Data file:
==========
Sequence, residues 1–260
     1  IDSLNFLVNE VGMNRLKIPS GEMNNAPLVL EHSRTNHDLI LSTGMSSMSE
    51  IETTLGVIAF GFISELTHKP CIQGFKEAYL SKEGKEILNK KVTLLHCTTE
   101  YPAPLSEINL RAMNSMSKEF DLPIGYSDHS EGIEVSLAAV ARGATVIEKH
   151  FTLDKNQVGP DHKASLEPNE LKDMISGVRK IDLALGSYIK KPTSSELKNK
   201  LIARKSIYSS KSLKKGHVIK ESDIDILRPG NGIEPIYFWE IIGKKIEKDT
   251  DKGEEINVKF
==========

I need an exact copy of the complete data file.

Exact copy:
Sequence, residues 1–260
     1  IDSLNFLVNE VGMNRLKIPS GEMNNAPLVL EHSRTNHDLI LSTGMSSMSE
    51  IETTLGVIAF GFISELTHKP CIQGFKEAYL SKEGKEILNK KVTLLHCTTE
   101  YPAPLSEINL RAMNSMSKEF DLPIGYSDHS EGIEVSLAAV ARGATVIEKH
   151  FTLDKNQVGP DHKASLEPNE LKDMISGVRK IDLALGSYIK KPTSSELKNK
   201  LIARKSIYSS KSLKKGHVIK ESDIDILRPG NGIEPIYFWE IIGKKIEKDT
   251  DKGEEINVKF